The older ones don’t have drawer slides. The newer cases have ball bearing glides, but they reduce the size of the drawer a bit.
I’ve also found Pelican to be excellent with warranty. I’ve read several negative experiences online with Pelican’s warranty, but I’ve always had quick responses. In my first contact I tell them what I have, what the problem is, include a picture, and tell them the invoice and which dealer. They usually send out the part or a return label by the next day.
But you’re right, it’s a completely different class of product, and priced accordingly.
I found the Tstak drawers to be fine if you grind off the feet. The unit won’t drop into place on others, but the side locks will still hold it in place.
Curious, why grind off the feet?
The feet on the Tstak drawer units are under the drawers. The Tstak system was designed without thinking about drawers, so the feet are too close together. If the drawers are heavily laden, the weight is carried down the sides of the case. But the feet aren’t under the sides, so the vector of the force causes the bottom to twist.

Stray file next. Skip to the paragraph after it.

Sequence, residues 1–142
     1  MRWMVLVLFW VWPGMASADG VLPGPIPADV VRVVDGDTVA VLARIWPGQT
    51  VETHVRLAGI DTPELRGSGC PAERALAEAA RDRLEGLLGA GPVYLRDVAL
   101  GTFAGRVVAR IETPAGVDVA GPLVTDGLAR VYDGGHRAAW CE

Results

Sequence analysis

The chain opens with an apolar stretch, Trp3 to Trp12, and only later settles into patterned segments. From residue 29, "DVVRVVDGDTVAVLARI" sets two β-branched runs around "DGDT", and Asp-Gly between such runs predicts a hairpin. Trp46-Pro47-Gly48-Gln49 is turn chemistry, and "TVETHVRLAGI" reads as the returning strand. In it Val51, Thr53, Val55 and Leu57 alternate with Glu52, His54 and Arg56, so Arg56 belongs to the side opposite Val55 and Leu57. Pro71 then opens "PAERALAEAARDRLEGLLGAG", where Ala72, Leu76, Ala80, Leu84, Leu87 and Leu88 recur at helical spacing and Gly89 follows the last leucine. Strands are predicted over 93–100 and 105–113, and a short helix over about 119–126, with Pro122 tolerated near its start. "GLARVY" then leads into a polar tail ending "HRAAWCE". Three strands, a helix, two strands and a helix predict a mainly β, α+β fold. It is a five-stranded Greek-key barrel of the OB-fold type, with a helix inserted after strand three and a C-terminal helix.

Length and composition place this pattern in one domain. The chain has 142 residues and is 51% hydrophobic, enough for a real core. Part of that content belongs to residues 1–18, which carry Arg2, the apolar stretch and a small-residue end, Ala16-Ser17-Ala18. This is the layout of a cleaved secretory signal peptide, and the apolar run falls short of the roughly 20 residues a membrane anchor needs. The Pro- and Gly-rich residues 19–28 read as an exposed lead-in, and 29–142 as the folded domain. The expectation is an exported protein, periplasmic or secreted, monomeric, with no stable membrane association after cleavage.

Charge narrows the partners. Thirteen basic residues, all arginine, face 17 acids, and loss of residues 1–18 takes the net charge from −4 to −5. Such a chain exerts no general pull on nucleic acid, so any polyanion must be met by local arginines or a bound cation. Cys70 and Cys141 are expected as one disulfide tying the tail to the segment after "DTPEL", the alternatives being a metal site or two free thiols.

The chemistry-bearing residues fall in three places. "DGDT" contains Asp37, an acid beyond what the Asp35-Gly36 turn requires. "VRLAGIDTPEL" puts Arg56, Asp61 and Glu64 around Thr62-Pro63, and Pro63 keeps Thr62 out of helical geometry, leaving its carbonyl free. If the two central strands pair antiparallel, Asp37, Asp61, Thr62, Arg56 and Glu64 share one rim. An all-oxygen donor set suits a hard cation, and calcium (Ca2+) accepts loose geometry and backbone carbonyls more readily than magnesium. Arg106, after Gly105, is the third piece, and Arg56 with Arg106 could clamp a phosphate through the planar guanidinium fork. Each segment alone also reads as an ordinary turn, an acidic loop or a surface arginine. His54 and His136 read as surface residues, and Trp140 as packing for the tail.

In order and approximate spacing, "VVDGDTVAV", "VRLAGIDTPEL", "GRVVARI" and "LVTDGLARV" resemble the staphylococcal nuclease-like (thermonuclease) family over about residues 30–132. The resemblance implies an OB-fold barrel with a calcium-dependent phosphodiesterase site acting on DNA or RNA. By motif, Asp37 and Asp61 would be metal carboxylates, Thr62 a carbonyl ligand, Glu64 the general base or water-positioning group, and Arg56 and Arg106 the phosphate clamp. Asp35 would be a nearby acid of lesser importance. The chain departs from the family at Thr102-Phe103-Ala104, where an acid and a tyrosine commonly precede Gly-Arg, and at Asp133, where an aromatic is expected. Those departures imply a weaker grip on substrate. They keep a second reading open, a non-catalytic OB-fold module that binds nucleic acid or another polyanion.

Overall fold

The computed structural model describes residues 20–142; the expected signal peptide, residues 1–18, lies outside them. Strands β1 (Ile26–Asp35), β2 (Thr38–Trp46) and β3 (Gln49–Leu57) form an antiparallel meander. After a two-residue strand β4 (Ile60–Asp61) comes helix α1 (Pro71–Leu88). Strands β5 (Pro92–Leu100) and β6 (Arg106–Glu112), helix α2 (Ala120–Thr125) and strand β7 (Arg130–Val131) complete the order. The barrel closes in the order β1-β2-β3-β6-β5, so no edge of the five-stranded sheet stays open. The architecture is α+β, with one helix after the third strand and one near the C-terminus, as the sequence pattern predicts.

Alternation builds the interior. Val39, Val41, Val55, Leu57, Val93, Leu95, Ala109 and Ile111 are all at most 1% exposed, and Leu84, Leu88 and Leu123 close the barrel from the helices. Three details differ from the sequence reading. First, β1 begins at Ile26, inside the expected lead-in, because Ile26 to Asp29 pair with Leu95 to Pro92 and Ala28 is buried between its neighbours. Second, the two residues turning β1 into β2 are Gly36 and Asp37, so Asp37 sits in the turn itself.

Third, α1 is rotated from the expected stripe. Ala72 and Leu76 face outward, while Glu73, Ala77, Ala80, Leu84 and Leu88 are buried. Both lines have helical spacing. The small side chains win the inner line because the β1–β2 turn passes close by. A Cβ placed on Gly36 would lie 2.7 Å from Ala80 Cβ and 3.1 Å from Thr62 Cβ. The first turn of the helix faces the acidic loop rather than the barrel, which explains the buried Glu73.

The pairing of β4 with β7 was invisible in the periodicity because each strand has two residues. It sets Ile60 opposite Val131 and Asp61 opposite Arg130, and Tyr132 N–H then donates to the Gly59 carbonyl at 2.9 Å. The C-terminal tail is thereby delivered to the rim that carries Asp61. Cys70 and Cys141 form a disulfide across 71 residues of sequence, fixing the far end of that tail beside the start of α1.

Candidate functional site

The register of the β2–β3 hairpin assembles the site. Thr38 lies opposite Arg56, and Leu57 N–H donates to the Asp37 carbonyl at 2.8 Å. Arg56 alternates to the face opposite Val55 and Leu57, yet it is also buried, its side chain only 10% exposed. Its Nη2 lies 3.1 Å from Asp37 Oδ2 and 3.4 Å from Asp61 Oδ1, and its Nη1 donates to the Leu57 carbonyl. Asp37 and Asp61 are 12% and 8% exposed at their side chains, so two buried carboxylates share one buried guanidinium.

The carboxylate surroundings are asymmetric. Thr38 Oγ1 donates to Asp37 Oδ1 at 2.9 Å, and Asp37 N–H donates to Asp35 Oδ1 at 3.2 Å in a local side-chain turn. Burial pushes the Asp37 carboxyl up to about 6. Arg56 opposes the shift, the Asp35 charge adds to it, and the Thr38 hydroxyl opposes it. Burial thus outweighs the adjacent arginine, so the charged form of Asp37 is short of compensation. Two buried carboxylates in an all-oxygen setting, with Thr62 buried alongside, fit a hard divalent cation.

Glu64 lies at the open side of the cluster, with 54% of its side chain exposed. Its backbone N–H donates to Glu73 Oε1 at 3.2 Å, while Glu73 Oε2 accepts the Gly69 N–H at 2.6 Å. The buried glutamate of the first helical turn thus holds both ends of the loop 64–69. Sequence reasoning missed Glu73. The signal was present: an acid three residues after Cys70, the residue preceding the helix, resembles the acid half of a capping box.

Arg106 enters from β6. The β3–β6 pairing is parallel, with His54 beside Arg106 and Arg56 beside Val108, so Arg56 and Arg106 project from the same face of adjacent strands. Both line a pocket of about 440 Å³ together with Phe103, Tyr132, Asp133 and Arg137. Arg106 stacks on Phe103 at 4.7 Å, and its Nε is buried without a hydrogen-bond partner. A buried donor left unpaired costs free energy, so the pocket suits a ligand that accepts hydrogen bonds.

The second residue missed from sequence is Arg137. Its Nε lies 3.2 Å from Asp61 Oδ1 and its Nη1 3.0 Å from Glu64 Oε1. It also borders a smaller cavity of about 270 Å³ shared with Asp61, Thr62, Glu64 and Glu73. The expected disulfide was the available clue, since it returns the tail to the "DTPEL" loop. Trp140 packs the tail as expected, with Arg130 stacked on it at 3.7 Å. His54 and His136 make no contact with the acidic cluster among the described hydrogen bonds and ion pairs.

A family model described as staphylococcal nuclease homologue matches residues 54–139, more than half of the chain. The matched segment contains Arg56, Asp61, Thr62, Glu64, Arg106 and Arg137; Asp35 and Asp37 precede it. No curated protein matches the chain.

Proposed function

When you put the drawer case directly on to another case, the feet go into the recess in the top of the other case, and weight on the sides is supported right under the side. By grinding the feet off, the sides can directly contact the floor/table/workbench and support the weight (the downward force and upward force vectors are completely opposite, so no twisting).
I bought a Pelican 0450 a long time ago, and it is indeed in a very different class, but it’s also more designed for hand tools than parts or supplies.
Bought a 2 drawer and a 3drawer and immediately sold them both off. Too darn big for my organizing needs. I guess I already knew the packout footprint, but still was surprised when I saw them in person.
If I needed them for plumbing fittings or conduit, etc., I could see the utility, but for organizing fasteners, etc, no thanks. Decided I’d just keep the packout setup as the basic 3-piece, some small organizers, maybe a small toolbox and a modified M12 vac with it’s wall mount on the face of the large roller for a “packout” vac at a low cost.